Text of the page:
Despite common motivational wisdom, and often worldwide pressure, there's nothing wrong with giving up. We've all given up at one time or another, and we will all give up in the future. No, there's no clever turn coming up later in the article where I suggest giving up giving up. All I suggest is that you consider the following questions before you give up.
Why do you want to give up? Write all the reasons down, whether you think they are good reasons or not. Just get them out, and put them in front of you. Is anyone pushing you to give up?
How do those outside people and forces factor in? Do they matter as much as you think they do? Will they matter in a year? In 5 years?
Where were you when you started, vs. where you are now that you want to give up? What have you achieved? What have you learned? What have you lost?
Consider, one last time, what your vision for success was before you reached the point of giving up. Does it still inspire you? Will not achieving it by choice be worse than the frustration you feel going after it but falling short?
What ONE circumstance could change that would change your mind about giving up? Are you in control of changing it? If you can, do you want to change it?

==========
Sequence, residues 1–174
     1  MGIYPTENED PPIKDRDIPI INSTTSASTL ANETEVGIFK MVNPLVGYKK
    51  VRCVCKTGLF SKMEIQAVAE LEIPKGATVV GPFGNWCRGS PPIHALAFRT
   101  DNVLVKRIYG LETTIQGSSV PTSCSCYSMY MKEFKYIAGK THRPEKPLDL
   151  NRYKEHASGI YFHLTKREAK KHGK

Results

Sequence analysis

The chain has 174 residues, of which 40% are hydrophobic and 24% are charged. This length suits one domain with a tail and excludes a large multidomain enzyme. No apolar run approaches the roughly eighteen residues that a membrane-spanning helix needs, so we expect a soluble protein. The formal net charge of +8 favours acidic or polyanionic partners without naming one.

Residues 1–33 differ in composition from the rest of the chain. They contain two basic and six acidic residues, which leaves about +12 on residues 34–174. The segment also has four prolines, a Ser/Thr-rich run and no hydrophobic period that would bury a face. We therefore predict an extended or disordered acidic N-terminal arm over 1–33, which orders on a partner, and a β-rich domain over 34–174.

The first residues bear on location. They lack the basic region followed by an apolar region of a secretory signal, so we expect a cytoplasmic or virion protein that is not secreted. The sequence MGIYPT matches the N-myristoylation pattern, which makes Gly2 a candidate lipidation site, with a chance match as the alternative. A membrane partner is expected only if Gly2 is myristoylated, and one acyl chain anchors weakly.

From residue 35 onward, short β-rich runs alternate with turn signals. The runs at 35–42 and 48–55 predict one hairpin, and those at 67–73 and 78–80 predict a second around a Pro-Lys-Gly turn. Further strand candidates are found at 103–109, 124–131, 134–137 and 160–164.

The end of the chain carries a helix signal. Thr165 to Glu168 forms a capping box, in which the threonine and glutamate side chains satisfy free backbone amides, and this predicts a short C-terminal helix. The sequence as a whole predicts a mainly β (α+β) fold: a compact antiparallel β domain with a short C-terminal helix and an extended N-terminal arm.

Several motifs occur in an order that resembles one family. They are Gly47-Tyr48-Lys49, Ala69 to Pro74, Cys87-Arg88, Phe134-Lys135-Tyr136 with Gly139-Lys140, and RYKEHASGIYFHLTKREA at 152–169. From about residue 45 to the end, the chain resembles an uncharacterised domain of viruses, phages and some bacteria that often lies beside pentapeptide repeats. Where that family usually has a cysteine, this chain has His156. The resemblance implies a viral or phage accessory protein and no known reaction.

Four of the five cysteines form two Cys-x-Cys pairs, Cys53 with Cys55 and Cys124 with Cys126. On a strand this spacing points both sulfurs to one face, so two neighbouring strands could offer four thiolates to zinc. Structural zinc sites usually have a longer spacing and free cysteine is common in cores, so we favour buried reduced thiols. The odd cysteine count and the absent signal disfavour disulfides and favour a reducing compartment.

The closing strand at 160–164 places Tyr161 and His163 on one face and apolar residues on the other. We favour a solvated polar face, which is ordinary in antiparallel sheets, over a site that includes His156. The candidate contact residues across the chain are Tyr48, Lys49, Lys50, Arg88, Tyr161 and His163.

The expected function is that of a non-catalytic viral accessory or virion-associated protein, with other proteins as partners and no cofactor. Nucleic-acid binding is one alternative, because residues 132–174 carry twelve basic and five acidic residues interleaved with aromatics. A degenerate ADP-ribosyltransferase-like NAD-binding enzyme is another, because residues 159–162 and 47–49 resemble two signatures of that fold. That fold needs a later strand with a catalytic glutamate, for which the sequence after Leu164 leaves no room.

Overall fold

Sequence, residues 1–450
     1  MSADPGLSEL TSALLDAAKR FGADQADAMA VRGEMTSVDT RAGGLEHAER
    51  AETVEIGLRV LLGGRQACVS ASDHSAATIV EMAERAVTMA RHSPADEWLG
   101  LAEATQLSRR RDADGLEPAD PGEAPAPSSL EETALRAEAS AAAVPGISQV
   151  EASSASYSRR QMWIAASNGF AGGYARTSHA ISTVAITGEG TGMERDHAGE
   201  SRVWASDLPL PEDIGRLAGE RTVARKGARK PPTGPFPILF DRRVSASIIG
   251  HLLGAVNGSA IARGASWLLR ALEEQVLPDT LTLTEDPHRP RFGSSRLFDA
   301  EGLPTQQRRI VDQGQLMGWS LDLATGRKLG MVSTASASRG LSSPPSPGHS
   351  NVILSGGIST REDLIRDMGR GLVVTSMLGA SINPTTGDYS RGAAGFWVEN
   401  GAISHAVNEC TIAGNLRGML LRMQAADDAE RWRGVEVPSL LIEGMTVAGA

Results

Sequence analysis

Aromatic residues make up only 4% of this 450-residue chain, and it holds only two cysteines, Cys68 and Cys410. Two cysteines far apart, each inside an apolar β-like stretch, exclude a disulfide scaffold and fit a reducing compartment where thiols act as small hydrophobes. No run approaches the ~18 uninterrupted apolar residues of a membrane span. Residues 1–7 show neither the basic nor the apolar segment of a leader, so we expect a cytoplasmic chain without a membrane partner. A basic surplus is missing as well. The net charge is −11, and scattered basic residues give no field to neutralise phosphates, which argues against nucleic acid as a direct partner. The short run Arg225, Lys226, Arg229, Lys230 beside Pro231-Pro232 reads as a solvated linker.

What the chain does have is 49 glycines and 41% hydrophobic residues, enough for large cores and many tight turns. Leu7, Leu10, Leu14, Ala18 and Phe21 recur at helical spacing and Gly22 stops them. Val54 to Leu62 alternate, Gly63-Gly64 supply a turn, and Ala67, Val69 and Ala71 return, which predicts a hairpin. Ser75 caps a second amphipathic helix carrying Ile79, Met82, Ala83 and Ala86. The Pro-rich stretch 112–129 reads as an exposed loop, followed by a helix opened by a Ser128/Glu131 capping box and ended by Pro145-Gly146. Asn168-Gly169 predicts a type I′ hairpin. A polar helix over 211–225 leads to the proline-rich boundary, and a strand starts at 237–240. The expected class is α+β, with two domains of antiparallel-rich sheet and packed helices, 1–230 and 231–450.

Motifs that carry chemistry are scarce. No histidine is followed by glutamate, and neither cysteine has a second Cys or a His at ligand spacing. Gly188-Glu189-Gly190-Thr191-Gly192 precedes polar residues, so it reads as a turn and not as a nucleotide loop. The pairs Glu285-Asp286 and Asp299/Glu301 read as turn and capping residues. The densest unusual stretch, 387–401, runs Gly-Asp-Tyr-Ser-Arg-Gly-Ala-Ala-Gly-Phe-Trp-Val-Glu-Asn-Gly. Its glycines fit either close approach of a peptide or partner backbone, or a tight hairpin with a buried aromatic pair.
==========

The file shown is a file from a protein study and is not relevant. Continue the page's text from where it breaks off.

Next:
What do you lose by giving up? Are you ready to lose what you'll lose? The goal, the job, the marriage...the vision of who you wanted to be?
What will OTHER people lose if you give up? Who is invested in your achieving your goal? Who else stands to gain if you don't give up, and reach your goal?
What will you gain by giving up? Time? Relief? Better health?
After you give up, what will you do next? Do you have a different goal in mind? A better goal? If you're planning on resting, how long will you rest before you restart, either on the same goal or a new one?
Do you still want to give up?
Often, giving up comes at a point of such high frustration, we don't give it full consideration, and often feel like we've thought about it so long, and that is consideration enough. Yet answering the above questions requires a full stop, and a broad sweep of all the factors involved.
After all due consideration, you might still want to give up, and it might be the best choice. Sometimes we settle for the good we think we want, and it blinds us to the great that we could actually achieve.
On the other hand, you might decide staying the course is the best option, but now have some new ideas to move forward. Those are important. Giving up is often simply due to a drought of ideas of what to do next.
Give up, or don't. But before you do...answer the questions above! Believe it or not, it's all part of living the WinAnyway Life!